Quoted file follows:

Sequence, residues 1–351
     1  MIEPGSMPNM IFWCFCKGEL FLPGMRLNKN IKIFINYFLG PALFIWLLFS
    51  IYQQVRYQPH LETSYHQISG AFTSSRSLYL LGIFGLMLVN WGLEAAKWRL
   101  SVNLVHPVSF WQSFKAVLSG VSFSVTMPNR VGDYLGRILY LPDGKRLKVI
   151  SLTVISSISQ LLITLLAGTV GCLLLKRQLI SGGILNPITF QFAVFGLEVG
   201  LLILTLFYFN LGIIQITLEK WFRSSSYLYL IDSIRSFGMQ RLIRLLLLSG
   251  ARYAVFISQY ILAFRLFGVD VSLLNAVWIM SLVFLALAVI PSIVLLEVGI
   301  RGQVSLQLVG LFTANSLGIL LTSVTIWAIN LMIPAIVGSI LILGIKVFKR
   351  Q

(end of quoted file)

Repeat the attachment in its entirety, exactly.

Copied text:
Sequence, residues 1–351
     1  MIEPGSMPNM IFWCFCKGEL FLPGMRLNKN IKIFINYFLG PALFIWLLFS
    51  IYQQVRYQPH LETSYHQISG AFTSSRSLYL LGIFGLMLVN WGLEAAKWRL
   101  SVNLVHPVSF WQSFKAVLSG VSFSVTMPNR VGDYLGRILY LPDGKRLKVI
   151  SLTVISSISQ LLITLLAGTV GCLLLKRQLI SGGILNPITF QFAVFGLEVG
   201  LLILTLFYFN LGIIQITLEK WFRSSSYLYL IDSIRSFGMQ RLIRLLLLSG
   251  ARYAVFISQY ILAFRLFGVD VSLLNAVWIM SLVFLALAVI PSIVLLEVGI
   301  RGQVSLQLVG LFTANSLGIL LTSVTIWAIN LMIPAIVGSI LILGIKVFKR
   351  Q